Prepare to be dazzled by The Art & Science of Gems exhibition at Singapore’s ArtScience Museum.
Fashion. Design. History. Celebrity. Art. Nature. Brilliance. The Art & Science of Gems exhibition is all of the above and more.
Featuring more than 600 treasures from elite jewellery house Van Cleef & Arpels and the French National Museum of Natural History, it is, as museum executive director Honor Harger commented at the opening (attended by actress Cate Blanchett on a flying visit), “an enchanting and illuminating universe”.
The show combines the art of making jewellery with the science of mineralogy, to show us how these precious stones, so coveted by humans, come into being.
Inside the lotus-shaped museum, designers Sanjit Manku and Patrick Jouin have created spaces almost as artful as the jewellery. Necklaces hover in mid-air inside cleverly lit transparent tubes so the jewels can be viewed from every angle. Tasselled curtains have been trimmed to precise lengths by a troop of hairdressers to create elegant, intimate circular galleries. Lighting and carpeting morph from midnight blue to deep emerald to alter moods and stoke fantasies.
“I hope you will discover something that pleases you, and makes you dream,” Van Cleef & Arpels CEO Nicolas Bos says. It would be impossible not to.
Swirl of fire
The 250 gems and treasures on loan from the National Museum of Natural History have been collected over four centuries, since the museum’s inception in 1626. But many are far, far older than that. A slice of jasper in fiery reds and golds, simultaneously a work of art and ancient history, hails from the Pilbara in Western Australia and is 2.6 billion years old.
Flight of fancy
The Bird Clip & Pendant is the face of the exhibition, seen on banners across Singapore, and the triumphant first piece that visitors encounter on entering the gallery. The striking design is of a flying bird with a plump, 96.62 carat yellow diamond dripping from its beak. The bird itself is adorned with emeralds, sapphires and yellow gold, and is fabulously versatile. The wings detach to become earrings, the body transforms into a brooch and the diamond doubles as an extraordinary pendant. How much is that birdy in the window? Van Cleef & Arpels paid US$12 million for it at auction in 2013.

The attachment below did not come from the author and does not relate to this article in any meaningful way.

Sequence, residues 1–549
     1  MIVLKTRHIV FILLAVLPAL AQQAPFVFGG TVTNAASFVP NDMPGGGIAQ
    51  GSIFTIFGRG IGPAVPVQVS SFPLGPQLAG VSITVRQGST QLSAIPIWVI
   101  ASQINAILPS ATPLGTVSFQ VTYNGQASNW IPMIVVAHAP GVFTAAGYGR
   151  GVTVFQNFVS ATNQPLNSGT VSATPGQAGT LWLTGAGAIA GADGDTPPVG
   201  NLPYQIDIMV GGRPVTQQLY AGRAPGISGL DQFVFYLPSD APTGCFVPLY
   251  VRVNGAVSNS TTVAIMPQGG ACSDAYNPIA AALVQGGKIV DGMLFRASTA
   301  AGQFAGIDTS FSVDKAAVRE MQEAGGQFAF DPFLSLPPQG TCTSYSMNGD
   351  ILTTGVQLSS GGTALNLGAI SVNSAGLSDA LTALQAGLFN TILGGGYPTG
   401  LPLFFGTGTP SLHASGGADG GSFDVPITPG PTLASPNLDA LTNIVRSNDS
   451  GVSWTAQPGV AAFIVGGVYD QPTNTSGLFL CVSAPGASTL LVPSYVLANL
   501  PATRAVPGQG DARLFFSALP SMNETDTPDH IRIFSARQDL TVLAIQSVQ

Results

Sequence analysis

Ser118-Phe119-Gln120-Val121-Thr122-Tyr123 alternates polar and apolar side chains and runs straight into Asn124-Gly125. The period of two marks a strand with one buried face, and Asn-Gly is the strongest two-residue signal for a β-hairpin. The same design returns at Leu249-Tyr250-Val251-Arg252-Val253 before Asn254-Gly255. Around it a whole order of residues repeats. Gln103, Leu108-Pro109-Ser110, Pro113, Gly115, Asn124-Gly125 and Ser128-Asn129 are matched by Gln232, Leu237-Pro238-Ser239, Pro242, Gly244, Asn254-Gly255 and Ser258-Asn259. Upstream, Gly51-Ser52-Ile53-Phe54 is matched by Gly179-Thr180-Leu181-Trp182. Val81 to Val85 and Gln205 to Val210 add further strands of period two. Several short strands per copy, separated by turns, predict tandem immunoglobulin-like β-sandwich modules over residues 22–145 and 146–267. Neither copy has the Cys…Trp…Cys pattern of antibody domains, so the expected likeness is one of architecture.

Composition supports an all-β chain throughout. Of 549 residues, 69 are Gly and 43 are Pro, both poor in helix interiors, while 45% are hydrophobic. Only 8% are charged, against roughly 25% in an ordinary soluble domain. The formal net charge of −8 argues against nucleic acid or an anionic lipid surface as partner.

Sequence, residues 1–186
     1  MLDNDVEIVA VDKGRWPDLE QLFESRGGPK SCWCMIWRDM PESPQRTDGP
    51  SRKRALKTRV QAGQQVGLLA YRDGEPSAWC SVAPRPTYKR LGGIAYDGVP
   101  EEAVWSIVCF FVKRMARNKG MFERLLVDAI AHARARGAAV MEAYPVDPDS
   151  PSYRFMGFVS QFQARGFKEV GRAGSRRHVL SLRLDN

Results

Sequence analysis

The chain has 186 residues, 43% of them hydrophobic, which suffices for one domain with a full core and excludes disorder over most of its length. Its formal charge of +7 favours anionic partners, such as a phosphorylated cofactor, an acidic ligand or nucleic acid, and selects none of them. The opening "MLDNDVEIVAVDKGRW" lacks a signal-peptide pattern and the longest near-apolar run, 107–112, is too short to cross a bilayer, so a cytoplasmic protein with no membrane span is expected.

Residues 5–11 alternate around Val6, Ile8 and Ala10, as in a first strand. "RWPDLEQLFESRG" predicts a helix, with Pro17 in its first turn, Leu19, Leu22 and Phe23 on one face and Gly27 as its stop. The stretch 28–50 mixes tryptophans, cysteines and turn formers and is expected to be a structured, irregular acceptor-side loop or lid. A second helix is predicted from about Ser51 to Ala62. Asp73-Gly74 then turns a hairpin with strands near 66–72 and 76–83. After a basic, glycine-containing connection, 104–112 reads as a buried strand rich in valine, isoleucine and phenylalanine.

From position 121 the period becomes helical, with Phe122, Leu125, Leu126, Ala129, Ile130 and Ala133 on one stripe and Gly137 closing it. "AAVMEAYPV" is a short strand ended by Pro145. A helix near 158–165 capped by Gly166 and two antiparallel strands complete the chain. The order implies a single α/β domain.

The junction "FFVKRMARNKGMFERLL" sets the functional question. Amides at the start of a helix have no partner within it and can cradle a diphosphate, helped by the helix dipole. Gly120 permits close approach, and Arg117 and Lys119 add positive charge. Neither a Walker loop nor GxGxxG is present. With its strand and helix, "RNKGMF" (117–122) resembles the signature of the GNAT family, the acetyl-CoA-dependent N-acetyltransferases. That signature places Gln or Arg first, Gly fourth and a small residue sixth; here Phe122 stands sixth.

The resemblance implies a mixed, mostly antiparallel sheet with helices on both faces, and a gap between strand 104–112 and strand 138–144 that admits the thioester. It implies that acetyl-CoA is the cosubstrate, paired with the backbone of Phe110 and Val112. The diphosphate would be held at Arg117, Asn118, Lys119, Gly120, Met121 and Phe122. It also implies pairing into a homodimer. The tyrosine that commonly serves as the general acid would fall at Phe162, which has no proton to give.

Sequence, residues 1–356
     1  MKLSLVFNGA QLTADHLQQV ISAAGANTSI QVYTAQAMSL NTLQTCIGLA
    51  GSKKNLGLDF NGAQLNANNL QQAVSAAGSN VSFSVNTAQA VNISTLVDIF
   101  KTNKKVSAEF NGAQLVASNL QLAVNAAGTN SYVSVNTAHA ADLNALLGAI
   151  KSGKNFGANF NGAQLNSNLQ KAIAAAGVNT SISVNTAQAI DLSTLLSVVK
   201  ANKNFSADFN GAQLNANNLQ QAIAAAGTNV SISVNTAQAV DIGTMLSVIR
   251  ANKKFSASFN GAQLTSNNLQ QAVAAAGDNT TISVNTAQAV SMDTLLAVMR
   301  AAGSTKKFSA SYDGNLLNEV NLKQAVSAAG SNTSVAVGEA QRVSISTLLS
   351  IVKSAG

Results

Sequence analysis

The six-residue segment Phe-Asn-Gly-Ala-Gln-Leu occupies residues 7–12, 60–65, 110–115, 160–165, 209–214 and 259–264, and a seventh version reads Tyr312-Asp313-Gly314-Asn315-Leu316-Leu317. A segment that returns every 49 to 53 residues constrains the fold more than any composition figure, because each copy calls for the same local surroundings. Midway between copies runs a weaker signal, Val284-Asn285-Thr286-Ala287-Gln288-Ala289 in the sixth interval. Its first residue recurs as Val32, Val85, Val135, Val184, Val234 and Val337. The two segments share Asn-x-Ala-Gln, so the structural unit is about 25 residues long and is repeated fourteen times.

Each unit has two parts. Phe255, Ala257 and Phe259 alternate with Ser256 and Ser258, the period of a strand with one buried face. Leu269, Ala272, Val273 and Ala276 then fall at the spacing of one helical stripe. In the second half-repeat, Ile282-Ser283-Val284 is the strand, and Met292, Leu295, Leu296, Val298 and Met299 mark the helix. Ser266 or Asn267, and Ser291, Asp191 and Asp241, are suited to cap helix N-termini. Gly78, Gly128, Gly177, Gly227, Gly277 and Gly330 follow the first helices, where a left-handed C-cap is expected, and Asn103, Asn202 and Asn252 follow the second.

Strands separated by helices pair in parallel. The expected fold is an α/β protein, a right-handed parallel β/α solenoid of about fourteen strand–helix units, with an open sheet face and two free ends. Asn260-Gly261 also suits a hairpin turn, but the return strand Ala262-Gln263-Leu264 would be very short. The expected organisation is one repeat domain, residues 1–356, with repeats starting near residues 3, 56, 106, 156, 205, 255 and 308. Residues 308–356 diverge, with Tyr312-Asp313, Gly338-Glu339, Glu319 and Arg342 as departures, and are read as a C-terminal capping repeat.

Something for grandma
Most new grandmothers might get a card on the birth of their first grandchild. The actress Elizabeth Taylor got a gold necklace from Richard Burton when she became a grandparent aged 39. Colloquially called ‘the granny necklace’, it’s a showy choker in rice-grain gold and diamonds with a detachable lion’s face at the front. It sold at auction in 2011 for $900,000.
The ultimate evening bag
Patented by Van Cleef & Arpels in the 1930s, the Minaudière is an evening bag inspired by a cigarette tin. Inside the glamorous golden box is everything an elegant woman could desire: a vanity mirror, lighter, lipstick, notepad and pen, dance card, pill box, cigarette case, watch, opera glasses and more – all of it wrought, or cased, in gold.
Zip it up
The Duchess of Windsor, the American socialite who stole the heart of Britain’s King Edward (and for whom he gave up the crown), was a woman who knew what she wanted. She suggested and inspired two emblematic Van Cleef & Arpels designs; the Cadenas watch, and the zip necklace – an ingenious piece of jewellery that uses a zip to transform a necklace into a bracelet.
Fit for a Princess
Any princess worth her palace needs a vast array of jewels. Two of VC&A’s most voracious clients were Her Imperial Highness Princess Soraya of Iran (some her jewels were worn by Cate Blanchett in the film Carol) and Princess Faiza of Egypt. Many of their former crown jewels are on display, including the latter’s peony clip comprising 640 square-cut Burmese rubies surrounded by ‘foliage’ of 239 diamonds.